CNET: Laptops and hybrids with the best battery life

With increased performance and battery life, Dell’s premium ultraportable XPS 13 remains easy to recommend. (Sarah Tew/CNET/TNS)
Caption
With increased performance and battery life, Dell’s premium ultraportable XPS 13 remains easy to recommend. (Sarah Tew/CNET/TNS)

The most important feature for many laptop shoppers is battery life, and rightly so. There’s not a lot that’s more frustrating than having your computer die in the middle of a marathon meeting or an intercontinental flight. Based on the extensive battery testing conducted in the CNET Labs, these are the four laptops with the longest battery-life scores that we’ve seen over the previous 12 months.

———

Acer Chromebook R13

Product Review: https://www.cnet.com/products/acer-chromebook-r13/review/#ftag=CAD187281f

Battery life (hours:minutes): 13:02

CNET rating: 3.5 stars out of 5 (Very good)

The good: The Acer Chromebook R13 has a long-lasting battery and a variety of ports. Its 360-degree hinge allows it to be used as a tablet.

The bad: It’s heavy. The Chrome OS is limited in what it can do. Its keyboard isn’t backlit.

The cost: $375.00 to $464.99

The bottom line: The Acer Chromebook R13 is a capable Chromebook that won’t break the bank, but if your needs are simple there are many other, more affordable laptops worth scoping out.

———

Lenovo Yoga 920

Product Review: https://www.cnet.com/products/lenovo-yoga-920/review/#ftag=CAD187281f

Battery life (hours:minutes): 12:50

CNET rating: 4.5 stars out of 5 (Outstanding)

The good: The Lenovo Yoga 920 improves on the company’s premium two-in-one ultraportable by adding active pen support and Thunderbolt 3 USB-C ports, making a couple of design refinements and throwing in an eighth-gen Intel Core i-series processor for better performance and a very long battery life.

The bad: Base configuration starts around $1,300, the pen holder blocks its only full-size USB port as well as the power button when the pen is stowed and the overall design hasn’t changed much. At 3 pounds (1.4 kg) it’s weighty for its size.

The cost: $1,299.99

The bottom line: The Lenovo Yoga 920 gets a handful of improvements and added features including a pen-enabled display and eighth-gen Intel processors to make it one of the best premium two-in-ones you can find.

———

Samsung Notebook 9 (15-inch, 2017)

Product Review: https://www.cnet.com/products/samsung-notebook-9-15-inch-2017/review/#ftag=CAD187281f

Battery life (hours:minutes): 12:16

CNET rating: 4.0 stars out of 5 (Excellent)

The good: The Samsung Notebook 9 is one of the lightest 15-inch notebooks available. It has excellent battery life as well as fast charging and can be charged via its USB Type-C port. Add a discrete graphics, spill-resistant backlit keyboard and a smooth glass Windows Precision touchpad, a fingerprint reader with Windows Hello support and a handful of cool and helpful utilities and settings.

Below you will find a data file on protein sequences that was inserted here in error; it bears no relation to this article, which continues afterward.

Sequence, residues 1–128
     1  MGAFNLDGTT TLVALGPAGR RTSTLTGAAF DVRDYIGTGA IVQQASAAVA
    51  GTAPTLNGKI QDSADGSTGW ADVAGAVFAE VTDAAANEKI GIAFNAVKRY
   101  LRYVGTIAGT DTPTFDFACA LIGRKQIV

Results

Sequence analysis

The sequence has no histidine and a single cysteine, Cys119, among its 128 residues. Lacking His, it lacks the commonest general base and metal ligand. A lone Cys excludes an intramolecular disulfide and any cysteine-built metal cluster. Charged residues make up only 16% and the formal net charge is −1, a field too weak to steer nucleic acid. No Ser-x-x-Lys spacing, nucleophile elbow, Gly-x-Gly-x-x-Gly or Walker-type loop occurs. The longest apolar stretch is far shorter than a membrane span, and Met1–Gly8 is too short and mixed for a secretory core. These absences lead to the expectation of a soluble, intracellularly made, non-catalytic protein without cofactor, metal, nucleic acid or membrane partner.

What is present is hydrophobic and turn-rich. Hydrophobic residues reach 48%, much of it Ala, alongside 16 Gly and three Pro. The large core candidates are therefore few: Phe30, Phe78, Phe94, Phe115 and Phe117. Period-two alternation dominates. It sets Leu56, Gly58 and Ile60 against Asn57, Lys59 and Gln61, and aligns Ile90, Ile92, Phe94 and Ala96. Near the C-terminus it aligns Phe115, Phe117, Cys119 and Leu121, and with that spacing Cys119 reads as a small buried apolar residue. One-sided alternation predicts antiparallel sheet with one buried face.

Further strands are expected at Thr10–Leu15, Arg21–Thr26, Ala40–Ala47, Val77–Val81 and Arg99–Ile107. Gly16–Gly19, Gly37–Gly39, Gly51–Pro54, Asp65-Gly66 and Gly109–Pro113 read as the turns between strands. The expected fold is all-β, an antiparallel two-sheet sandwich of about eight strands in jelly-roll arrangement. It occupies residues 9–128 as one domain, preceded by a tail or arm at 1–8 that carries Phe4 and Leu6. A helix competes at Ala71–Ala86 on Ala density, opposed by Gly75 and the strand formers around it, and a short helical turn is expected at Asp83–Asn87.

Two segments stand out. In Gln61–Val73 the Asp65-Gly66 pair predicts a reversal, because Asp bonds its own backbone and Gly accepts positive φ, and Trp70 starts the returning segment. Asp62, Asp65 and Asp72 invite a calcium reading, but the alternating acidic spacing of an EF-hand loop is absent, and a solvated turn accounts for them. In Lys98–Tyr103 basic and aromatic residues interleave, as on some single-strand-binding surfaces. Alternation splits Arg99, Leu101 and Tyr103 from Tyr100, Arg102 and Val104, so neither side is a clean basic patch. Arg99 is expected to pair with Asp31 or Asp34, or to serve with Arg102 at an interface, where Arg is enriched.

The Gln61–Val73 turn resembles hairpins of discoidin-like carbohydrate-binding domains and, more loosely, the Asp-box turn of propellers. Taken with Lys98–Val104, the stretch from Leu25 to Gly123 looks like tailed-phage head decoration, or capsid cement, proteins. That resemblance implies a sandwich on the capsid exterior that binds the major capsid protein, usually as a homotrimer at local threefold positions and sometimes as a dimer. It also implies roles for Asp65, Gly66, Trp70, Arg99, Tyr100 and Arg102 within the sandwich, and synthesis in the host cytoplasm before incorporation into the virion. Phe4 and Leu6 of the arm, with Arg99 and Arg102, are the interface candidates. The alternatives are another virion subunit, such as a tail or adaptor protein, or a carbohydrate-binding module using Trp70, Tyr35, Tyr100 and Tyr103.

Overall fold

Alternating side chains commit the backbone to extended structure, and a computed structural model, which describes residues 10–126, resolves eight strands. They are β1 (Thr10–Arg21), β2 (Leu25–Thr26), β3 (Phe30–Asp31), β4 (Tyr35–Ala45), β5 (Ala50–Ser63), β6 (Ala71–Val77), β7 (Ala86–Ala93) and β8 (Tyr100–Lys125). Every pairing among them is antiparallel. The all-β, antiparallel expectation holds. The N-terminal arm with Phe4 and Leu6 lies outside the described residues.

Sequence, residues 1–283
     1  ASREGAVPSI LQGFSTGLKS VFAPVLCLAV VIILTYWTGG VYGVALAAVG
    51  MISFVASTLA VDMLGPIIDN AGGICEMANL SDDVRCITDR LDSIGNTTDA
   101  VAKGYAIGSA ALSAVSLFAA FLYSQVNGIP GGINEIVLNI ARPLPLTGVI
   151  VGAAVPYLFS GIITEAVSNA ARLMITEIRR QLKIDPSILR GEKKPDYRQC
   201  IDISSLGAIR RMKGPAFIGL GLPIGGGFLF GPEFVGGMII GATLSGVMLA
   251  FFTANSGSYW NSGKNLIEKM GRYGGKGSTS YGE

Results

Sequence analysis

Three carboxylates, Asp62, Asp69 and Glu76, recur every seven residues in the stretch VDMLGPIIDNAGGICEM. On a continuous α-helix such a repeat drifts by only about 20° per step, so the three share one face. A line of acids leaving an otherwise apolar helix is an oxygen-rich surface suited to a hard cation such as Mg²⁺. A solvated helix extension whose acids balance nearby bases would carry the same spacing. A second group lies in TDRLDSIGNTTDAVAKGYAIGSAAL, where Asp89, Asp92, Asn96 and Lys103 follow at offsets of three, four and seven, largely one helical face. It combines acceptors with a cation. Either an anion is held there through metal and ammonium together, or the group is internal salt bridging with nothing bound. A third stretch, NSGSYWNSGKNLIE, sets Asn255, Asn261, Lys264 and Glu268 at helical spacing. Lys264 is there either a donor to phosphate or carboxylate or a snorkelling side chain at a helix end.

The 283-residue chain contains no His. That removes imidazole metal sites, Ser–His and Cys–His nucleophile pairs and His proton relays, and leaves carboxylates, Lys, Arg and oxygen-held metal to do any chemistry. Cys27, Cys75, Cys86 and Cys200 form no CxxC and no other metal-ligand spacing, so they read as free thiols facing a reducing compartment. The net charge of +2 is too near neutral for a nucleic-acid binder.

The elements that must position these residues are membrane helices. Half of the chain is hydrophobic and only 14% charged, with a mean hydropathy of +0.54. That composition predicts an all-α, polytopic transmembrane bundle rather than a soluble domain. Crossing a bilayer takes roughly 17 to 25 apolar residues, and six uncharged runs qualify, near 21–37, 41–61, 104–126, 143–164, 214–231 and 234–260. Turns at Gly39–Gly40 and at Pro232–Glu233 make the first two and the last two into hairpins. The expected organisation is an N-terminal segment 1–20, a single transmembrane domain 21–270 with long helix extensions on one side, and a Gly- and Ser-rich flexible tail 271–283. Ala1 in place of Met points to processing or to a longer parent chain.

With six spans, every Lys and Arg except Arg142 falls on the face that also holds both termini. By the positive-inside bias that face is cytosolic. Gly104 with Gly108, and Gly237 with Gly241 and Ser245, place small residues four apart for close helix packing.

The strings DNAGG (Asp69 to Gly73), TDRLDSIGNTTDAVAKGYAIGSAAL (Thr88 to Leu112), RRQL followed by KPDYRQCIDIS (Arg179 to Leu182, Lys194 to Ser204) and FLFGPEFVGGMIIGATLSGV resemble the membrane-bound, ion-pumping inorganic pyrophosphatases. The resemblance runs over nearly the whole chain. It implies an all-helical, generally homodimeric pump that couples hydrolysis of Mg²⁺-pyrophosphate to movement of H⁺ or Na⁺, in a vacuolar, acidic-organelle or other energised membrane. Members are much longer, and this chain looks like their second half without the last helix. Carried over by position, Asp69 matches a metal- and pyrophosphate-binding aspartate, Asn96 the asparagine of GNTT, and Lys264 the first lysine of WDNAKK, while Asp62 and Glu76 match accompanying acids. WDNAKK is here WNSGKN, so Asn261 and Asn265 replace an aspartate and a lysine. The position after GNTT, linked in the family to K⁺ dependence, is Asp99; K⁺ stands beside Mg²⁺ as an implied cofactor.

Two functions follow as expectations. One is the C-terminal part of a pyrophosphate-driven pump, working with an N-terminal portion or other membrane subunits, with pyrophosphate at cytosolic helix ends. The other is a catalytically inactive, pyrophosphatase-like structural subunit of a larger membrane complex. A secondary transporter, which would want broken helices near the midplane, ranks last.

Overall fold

The bad: If you’re concerned with looks, this one is uninteresting. The screen moves a touch too freely. There’s no touchscreen option and although its graphics are boosted above the norm, the overall performance is nothing special.

The cost: $1,249.00 to $1,588.39

The bottom line: It might look like a simple laptop, but Samsung’s lightweight 15-inch Notebook 9 has several features that help it stand out from its ultraportable competition.

———

Dell XPS 13 (late 2017)

Product Review: https://www.cnet.com/products/dell-xps-13-late-2017/review/#ftag=CAD187281f

Battery life (hours:minutes): 12:16

CNET rating: 4.0 stars out of 5 (Excellent)

The good: The Dell XPS 13 keeps everything that was great about the previous model — including its nearly edge-to-edge-display, Thunderbolt 3 USB-C and fantastic keyboard — and adds eighth-gen Intel processors paired with Dell technologies for a big performance boost and longer battery life.

The bad: The thin frame around the display means the webcam is placed at the bottom of the display. Though the QHD-resolution touchscreen is beautiful, it adds a lot to the price and hurts battery life. Gold version will cost you $50 more.

The cost: $1,149.99 to $1,199.99

The bottom line: With increased performance and battery life, Dell’s premium ultraportable XPS 13 remains easy to recommend.

———

The following CNET staff contributed to this story: Section Editor Dan Ackerman, Associate Editor Xiomara Blanco, Senior Editor Joshua Goldman, Senior Associate Technology Editor Joseph Kaminski and Senior Editor Laura K. Cucullu. For more reviews of personal technology products, please visit www.cnet.com.